Who was right, Jane Jacobs or Alfred Marshall and Michael Porter? The renowned urbanist, Jacobs argued for decades of the importance of density and diversity of economic actors in cities as a primary driver of innovation. Economists Marshall and Porter, on the other hand, have argued that clustering of similar industries in industrial parks and regions is the best way to stimulate innovation, job growth, and economic development. Depending on the time, location, and industry, perhaps they are all right. Increasingly, however, it appears that more innovation and entrepreneurship is happening in the dynamic, diverse urban areas as opposed to suburban tech parks.
Richard Florida, for example, has been documenting the recent migration of venture capital investments from suburban tech parks into urban areas and innovation districts. This, he has found, is even happening in Silicon Valley, where more investment is going into startups in San Francisco than in the Valley. One argument for this trend, which is very consistent with Jacobs’s reasoning, is the idea of «collision density.»
The term has its origins in physics where it is used to reference the rate of interactions among atoms in a physical system. Last year, I first heard someone reference the idea of fostering more of this «collision density» between the innovators and entrepreneurs. I must admit that I had never heard of it being applied to the entrepreneurial ecosystem before. After some research, it seems it really has yet to be used in any peer-reviewed academic journals about entrepreneurship—but it’s very important to the idea of a thriving, smart city.
I suspect this is not a surprise. When artists, designers, technologists, investors, community activists, engineers, and entrepreneurs mix together, more innovative ideas are likely to emerge than just a group of engineers discussing the potential for blockchain, peer-to-peer models, distributed renewable energy, and so on. I say this despite somewhat agreeing with the Guy Kawasaki’s infamous statement that while engineers add to the valuation of a startup team, MBAs detract from valuation.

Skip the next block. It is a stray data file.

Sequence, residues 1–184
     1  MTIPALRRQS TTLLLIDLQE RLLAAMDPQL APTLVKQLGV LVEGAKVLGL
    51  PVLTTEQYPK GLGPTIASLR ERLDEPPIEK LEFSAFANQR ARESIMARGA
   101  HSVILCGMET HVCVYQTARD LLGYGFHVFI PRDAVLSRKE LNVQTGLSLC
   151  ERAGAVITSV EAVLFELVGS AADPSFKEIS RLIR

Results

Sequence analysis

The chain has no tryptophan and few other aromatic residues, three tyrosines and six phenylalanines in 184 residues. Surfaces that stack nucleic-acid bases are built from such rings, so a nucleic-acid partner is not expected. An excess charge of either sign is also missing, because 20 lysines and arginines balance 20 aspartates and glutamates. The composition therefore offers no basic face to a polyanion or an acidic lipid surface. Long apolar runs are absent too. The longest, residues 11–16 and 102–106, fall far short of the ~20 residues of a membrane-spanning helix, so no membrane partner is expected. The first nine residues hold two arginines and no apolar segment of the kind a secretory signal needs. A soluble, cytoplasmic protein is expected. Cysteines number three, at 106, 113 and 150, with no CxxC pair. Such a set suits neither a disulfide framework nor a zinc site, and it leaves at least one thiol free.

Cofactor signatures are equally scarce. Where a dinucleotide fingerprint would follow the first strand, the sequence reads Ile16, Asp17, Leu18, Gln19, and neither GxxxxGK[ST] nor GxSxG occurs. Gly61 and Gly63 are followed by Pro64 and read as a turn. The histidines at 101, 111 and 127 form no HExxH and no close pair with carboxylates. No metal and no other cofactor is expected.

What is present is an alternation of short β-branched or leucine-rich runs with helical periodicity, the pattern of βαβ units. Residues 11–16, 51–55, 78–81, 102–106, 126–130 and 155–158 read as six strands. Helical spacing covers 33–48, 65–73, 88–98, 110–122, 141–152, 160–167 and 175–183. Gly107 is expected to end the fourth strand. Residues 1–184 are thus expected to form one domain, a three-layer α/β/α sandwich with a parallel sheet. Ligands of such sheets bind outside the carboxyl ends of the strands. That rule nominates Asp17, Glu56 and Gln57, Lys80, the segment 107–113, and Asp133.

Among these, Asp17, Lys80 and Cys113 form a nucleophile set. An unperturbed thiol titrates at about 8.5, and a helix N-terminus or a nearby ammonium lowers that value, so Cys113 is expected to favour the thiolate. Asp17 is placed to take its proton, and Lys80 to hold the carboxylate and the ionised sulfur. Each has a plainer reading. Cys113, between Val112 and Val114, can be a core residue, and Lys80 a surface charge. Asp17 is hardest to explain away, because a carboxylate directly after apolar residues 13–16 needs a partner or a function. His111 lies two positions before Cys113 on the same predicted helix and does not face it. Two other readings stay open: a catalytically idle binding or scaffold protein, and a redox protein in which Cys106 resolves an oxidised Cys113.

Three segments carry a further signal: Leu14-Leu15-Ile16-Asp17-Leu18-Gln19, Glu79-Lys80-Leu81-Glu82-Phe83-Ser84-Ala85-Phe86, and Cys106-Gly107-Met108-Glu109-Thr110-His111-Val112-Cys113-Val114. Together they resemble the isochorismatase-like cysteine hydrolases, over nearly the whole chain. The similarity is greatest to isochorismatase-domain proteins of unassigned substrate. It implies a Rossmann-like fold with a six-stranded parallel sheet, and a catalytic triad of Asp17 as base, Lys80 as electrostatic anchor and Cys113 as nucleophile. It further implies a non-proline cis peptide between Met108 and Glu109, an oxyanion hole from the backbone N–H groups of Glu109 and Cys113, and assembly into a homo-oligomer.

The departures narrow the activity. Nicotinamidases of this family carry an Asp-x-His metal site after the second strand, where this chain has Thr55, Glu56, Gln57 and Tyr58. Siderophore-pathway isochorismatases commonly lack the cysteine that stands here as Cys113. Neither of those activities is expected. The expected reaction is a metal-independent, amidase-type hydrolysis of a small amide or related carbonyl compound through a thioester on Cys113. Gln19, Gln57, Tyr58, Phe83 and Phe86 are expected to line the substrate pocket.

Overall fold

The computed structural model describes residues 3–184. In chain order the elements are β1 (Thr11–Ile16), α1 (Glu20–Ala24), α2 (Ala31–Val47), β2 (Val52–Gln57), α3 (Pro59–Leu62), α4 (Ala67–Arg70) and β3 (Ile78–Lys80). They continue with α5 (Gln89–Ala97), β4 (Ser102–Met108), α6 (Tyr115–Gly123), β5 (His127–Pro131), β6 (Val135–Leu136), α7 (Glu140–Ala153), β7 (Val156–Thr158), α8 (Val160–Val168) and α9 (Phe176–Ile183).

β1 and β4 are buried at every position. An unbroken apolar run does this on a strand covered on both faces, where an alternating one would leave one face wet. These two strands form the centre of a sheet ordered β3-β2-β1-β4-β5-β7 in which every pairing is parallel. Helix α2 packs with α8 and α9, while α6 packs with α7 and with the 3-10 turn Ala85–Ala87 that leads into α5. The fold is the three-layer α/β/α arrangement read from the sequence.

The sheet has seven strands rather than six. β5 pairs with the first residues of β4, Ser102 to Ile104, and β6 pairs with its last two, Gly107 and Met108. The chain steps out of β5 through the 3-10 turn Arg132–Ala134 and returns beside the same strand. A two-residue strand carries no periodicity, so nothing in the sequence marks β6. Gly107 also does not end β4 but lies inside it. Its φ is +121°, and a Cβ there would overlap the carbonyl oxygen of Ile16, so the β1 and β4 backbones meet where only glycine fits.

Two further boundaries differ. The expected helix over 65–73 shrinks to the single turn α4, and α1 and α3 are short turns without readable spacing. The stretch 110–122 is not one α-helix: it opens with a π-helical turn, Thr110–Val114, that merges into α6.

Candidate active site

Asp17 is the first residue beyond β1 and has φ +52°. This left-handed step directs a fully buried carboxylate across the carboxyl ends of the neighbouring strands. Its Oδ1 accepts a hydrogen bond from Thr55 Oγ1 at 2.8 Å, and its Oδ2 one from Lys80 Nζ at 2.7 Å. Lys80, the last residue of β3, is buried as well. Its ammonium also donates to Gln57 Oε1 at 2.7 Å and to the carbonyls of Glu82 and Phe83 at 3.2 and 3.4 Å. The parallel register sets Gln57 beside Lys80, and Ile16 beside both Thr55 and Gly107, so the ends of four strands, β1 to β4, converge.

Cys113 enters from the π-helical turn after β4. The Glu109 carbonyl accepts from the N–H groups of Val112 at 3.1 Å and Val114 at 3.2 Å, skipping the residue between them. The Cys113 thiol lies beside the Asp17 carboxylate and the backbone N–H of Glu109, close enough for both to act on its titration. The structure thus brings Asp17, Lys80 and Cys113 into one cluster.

So, I believe that startup cities are those that amass a significant amount of potential to facilitate collision density between different kinds of thinkers. Collision density is naturally much higher in cities than in suburbs and suburban tech parks because cities house a much higher rate of diverse actors in smaller, more compact spaces. As the tools of innovation are becoming more democratized, and cities are increasingly home to dozens, if not hundreds, of accelerators, coworking spaces, fab labs, and the like, combined with proximity to artists, designers, schools, and users, entrepreneurs are able to regularly mingle with and create mashups of ideas, some of which may turn into commercializable innovations.
A recent World Bank study suggested that meeting places (like coworking spaces) and other networking assets (like meetups) combine to increase collision density in a city. They even went as far as to recommend formulas for measuring collision density either as «collisionable hours per year» or «collisionable hours per square foot.»
This suggests that not all cities are created equal when it comes to the potential they offer to support increased collision density. Of course, many initiatives that could support increased collisions occur from the grassroots innovation and entrepreneurial movement in a city. I believe that the number and diversity of meetups in a city will contribute to the growth of collision density and result in more innovative startups and collaborations. For example, on a random April day in my hometown of Barcelona, there were 56 different meetup activities on the Meetups.com calendar, including an expat breakfast, a makers gathering, a meeting for female entrepreneurs, a free code camp, a startup networking meeting, and of course a range of artistic and creative activities from tango classes to improv music jams and even a science talk about «Charles Darwin and evolution by natural selection.»
Richard Florida long ago drew the world’s attention to the importance of attracting creative mobile citizens to startup cities. I would argue that Florida’s formula of «talent, tolerance, and technology» can equal collision density, which may be one of the secret sauces to creating a vibrant urban entrepreneurial ecosystem. City administrators would be wise to pay close attention to this phenomenon in the global competition for urban innovation talent.
This article was originally published in Co.exist.